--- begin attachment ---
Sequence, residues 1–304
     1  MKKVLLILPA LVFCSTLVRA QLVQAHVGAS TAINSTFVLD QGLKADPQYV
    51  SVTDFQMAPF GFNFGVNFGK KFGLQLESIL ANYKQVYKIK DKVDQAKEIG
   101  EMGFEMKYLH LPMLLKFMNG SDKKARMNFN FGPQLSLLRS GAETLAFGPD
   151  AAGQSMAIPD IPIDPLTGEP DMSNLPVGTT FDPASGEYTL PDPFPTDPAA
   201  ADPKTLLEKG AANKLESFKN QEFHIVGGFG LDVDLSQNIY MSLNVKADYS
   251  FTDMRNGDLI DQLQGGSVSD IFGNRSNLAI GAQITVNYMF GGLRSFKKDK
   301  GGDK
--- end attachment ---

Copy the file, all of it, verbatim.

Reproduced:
Sequence, residues 1–304
     1  MKKVLLILPA LVFCSTLVRA QLVQAHVGAS TAINSTFVLD QGLKADPQYV
    51  SVTDFQMAPF GFNFGVNFGK KFGLQLESIL ANYKQVYKIK DKVDQAKEIG
   101  EMGFEMKYLH LPMLLKFMNG SDKKARMNFN FGPQLSLLRS GAETLAFGPD
   151  AAGQSMAIPD IPIDPLTGEP DMSNLPVGTT FDPASGEYTL PDPFPTDPAA
   201  ADPKTLLEKG AANKLESFKN QEFHIVGGFG LDVDLSQNIY MSLNVKADYS
   251  FTDMRNGDLI DQLQGGSVSD IFGNRSNLAI GAQITVNYMF GGLRSFKKDK
   301  GGDK